No matter what the answer to this question is, one thing is certain. These photographers deliver an impactful and important volume of work to the digital masses. Scholars from across the world have advanced their research without the need to physically visit the British Library. Thousands of people are able to connect with global cultural and religious heritage with a click of a button.

Of course, the GMDP project is just one example of a common wider trend of museums, libraries and archives digitising their holdings for online publication. In Europe alone as of 2014, 87% of cultural heritage institutions had digital collections. ENUMERATE’s 2014 survey found that the most important perceived reason for digital collections was academic research, which points to the growing field of Digital Humanities. With all the new material available online, a visual revolution of the democratisation of knowledge is happening. Now a scholar is no longer hindered by the inability to travel afar to libraries and museums to see objects; instant access to manuscripts and 3D objects is only a click away. Scholarship is becoming more diverse because open access to online collections allows those who wish to see something to be able to do just that. In fact, in its still young life, the third phase of the GMDP has already been the focus of scholarly research as well as being used and shared by a number of New Testament and Patristic blogs.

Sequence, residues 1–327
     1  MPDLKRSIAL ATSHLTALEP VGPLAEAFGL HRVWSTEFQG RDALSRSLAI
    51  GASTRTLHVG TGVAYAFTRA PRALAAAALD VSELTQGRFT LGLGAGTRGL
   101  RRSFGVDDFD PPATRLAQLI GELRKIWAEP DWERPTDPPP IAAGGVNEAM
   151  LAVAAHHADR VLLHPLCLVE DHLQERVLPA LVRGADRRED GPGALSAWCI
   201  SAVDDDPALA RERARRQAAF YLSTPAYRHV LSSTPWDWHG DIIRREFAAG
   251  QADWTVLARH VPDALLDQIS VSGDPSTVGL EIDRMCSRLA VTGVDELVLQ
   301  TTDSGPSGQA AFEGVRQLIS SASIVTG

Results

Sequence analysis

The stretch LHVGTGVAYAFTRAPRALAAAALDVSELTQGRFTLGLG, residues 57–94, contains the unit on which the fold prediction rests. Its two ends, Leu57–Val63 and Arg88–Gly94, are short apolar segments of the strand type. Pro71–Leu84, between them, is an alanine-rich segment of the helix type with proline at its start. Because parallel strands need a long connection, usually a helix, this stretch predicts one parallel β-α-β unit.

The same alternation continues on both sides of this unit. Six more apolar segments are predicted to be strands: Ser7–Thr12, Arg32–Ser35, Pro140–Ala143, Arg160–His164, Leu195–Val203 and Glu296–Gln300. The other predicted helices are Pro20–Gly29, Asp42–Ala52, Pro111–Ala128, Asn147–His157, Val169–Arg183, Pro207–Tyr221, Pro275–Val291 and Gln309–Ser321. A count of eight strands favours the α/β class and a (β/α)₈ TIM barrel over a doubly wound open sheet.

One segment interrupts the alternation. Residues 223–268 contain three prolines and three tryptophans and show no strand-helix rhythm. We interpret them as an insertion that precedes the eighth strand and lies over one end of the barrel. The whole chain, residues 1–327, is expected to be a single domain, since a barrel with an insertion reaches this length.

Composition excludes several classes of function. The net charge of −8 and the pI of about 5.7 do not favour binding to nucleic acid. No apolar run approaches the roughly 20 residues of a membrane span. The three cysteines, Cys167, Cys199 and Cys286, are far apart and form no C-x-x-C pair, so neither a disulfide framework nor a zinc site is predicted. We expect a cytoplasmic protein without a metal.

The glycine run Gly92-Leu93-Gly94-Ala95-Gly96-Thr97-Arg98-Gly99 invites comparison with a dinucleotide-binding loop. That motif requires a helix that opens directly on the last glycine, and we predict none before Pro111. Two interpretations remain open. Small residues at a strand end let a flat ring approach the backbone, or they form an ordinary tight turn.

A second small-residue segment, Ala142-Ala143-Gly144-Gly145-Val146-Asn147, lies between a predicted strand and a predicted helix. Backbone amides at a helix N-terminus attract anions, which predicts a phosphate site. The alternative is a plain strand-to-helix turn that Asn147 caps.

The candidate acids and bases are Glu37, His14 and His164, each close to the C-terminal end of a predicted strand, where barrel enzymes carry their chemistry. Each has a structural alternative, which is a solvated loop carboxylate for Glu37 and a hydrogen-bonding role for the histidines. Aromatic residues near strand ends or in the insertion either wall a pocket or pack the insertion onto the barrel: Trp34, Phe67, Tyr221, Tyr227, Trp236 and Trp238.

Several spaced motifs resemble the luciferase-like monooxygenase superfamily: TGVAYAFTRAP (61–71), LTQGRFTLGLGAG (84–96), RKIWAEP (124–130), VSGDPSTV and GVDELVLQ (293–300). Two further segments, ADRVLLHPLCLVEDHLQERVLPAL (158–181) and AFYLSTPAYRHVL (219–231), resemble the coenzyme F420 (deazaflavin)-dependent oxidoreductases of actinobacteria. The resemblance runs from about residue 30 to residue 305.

Of course, none of this would be possible without the diligent and specialised work of the photographers at institutions like the British Library. But if you asked one of the British Library Imaging Services’ photographers about their role in the process you receive humble responses, not dissimilar to what you would have expected from the original “sinners.”

Kristin A. Phelps, Senior Imaging Technician

A black and white image of Senior Imaging Technician Laurence Pordes standing before the photography set up.

21 October 2014

Paper cuts: small but mighty!

Hardly noticeable and barely bleeding, paper cuts are the mother of all library injuries. Anyone who deals with paper on a daily basis will have at some point suffered such an affliction. Paper cuts cause a seemingly out of proportion amount of pain due to the anatomy of our skin and the structure of paper. When very thin and held in place, a sheet of paper becomes inflexible and can exert very high levels of pressure – enough to slice through flesh! Yikes! Let’s go under the microscope to see what's happening...

An edge of a single sheet of paper, with the rest of the piece of paper blurred out and against a black background.

Figure 1: A single sheet of paper at x30 magnification.

A finger with a paper cut against a black background.

Figure 2: Paper cuts - small but mighty!

Most paper cuts result from new sheets of paper held strongly in place. A rogue sheet may come loose from the pack but remain held in position by the rest of the tightly-knit sheets. In paper, more resistance is felt when a force is applied parallel to a sheet of paper. This has to do with the paper’s tensile strength. Tensile strength measures the ability of a material to resist rupture when force is applied to one of its sides under certain conditions. Held in place, the sheet of paper becomes extremely resistant to buckling, stiffens, and acts as a razor.